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My datacenter says that each rack has primary and backup power on each rack. I assume this means there is a UPS for each server. Therefore, do I have any need of getting a BBU for the following setup?

Intel Cherry 520 SSD x 4 RAID 10 LSI-9260 with WRITEBACK CACHE ENABLED

I have heard that without a BBU the data in the cache could be lost. Since my needs aren't mission-critical, I can afford to lose some data. But would the rest of the data on the HD be corrupted?

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File systems write more than just data to HDDs; they also write metadata. The danger of data loss isn't so much that your most recent results file goes missing as that the metadata becomes corrupt, making the file system inconsistent and unmountable. Corrupt filesystems can lose much more data when they're fscked.

Normally one would choose a journalling filesystem to minimise the danger of this, but with write-cached RAID hardware this may not help, as the hardware has essentially lied to the OS about what has actually been written to disc (considering a write to the cache to be sufficient). Power loss means you may still end up with an inconsistent, and thus later a roached, file system.

No RAID array I know of considers unbacked write-cache to be a good idea, and most of them disable writeback cacheing if the cache battery goes flat. They may have a point.

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Since my needs aren't mission-critical, I can afford to lose some data. But would the rest of the data on the HD be corrupted?

Enable filesystem barriers on all you're mounts, if you can afford to lose some data the maximum loss in this scenario would be your cache size, but on average it should be quite a bit less.

Note that barriers reduce I/O performance but improve the integrity of you're filesystem greatly -- especially when using disks that attempt to re-order writes.

From man 8 mount

   barrier=0 / barrier=1 / barrier / nobarrier
          This enables/disables the use of write barriers in the jbd code.
          barrier=0 disables, barrier=1 enables.  This also requires an IO
          stack which can support barriers, and if jbd gets an error on  a
          barrier write, it will disable again with a warning.  Write bar‐
          riers enforce proper on-disk ordering of journal commits, making
          volatile  disk  write  caches  safe  to use, at some performance
          penalty.  If  your  disks  are  battery-backed  in  one  way  or
          another, disabling barriers may safely improve performance.  The
          mount options "barrier" and "nobarrier"  can  also  be  used  to
          enable  or  disable  barriers,  for  consistency with other ext4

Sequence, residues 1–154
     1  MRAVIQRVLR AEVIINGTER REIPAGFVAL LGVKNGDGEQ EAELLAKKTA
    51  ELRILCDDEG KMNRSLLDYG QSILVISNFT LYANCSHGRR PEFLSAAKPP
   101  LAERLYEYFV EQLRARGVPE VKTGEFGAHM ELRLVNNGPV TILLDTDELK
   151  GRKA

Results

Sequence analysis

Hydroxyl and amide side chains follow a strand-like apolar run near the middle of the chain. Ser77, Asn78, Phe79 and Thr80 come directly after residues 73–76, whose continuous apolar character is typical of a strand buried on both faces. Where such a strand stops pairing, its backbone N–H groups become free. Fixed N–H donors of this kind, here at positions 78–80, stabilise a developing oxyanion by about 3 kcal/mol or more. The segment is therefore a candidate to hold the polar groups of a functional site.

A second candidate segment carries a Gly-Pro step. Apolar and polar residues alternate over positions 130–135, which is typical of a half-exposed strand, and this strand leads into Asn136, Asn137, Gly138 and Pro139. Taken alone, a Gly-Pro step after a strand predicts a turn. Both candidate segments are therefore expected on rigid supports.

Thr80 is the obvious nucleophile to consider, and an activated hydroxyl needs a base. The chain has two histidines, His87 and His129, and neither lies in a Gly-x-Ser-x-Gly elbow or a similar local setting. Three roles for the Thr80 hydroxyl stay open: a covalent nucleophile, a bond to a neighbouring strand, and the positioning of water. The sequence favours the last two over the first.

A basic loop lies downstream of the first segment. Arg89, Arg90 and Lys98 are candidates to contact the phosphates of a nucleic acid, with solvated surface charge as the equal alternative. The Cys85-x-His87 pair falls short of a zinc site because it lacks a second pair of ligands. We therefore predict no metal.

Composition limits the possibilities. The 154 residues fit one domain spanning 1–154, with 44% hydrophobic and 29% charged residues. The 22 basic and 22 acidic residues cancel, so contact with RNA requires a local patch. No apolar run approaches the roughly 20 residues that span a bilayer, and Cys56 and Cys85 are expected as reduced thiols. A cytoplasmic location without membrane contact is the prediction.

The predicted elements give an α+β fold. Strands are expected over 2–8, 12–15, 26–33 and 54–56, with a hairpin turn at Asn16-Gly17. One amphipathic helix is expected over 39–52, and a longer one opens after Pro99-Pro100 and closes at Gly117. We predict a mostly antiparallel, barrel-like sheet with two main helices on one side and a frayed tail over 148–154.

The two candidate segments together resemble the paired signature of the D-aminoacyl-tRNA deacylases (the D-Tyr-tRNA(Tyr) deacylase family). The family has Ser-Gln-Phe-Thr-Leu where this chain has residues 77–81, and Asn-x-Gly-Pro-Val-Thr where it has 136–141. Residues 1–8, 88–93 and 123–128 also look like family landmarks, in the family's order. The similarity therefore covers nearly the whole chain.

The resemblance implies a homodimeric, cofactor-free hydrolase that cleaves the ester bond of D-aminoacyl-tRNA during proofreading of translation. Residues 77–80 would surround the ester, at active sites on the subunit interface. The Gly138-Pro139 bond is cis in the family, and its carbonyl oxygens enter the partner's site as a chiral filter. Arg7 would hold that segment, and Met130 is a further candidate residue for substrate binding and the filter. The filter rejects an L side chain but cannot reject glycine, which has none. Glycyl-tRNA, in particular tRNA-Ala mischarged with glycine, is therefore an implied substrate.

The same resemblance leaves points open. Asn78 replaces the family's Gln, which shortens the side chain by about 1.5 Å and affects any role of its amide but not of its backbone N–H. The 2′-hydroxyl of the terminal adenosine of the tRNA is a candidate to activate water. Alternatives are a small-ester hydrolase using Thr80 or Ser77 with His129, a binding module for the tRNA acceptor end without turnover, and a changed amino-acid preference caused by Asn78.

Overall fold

mount options.

          The ext4 filesystem enables write barriers by default.

Theoretically, the journal would save you from filesystem corruption due to a sudden loss of power because metadata will be guaranteed to be well-ordered.

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  • It will not; see my comment on writeback cacheing. – MadHatter Oct 19 '13 at 9:32
  • @MadHatter Yes it will, it sends a FUA (Force Unit Access) to the device in order to flush the write cache. The old implementation is documented in (git.kernel.org/cgit/linux/kernel/git/torvalds/linux.git/tree/…). This was scrapped and replaced with 'flush requests' in later kernels (2.6.33+). – Matthew Ife Oct 19 '13 at 9:47
  • I apologise and withdraw my objection; +1. The way some devices implement some of the more outre' commands (eg, some SSDs and the security command set, see eg usenix.org/events/fast11/tech/full_papers/Wei.pdf, s3.2.1) would make me a little nervous about relying on FUA if I wasn't sure the underlying hardware correctly honoured it; but it seems to me that you're right that it should work. – MadHatter Oct 19 '13 at 9:58
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Datacenter power and battery is provisioned at the facility/room level. This is assuming you're in a commercial co-location facility...

So you DO have UPS protection on the A and B power feeds to your rack. The battery protection is done upstream from your rack.


Now, for your storage situation, you have SSDs running on a RAID controller. You typically don't need to use the caching functionality of a BBU in conjunction with solid-state drives. It's best to disable the read caching. If you do use the cache, set the ratio to favor writes. See this document for some detail. Benchmark for your specific case, but you may not need the cache for this setup.


Since you're using an LSI controller, the most optimal SSD performance solution is to leverage the LSI Fastpath software. This modification disables the legacy logic needed for spinning disks and optimizes the data paths for SSD-only arrays.

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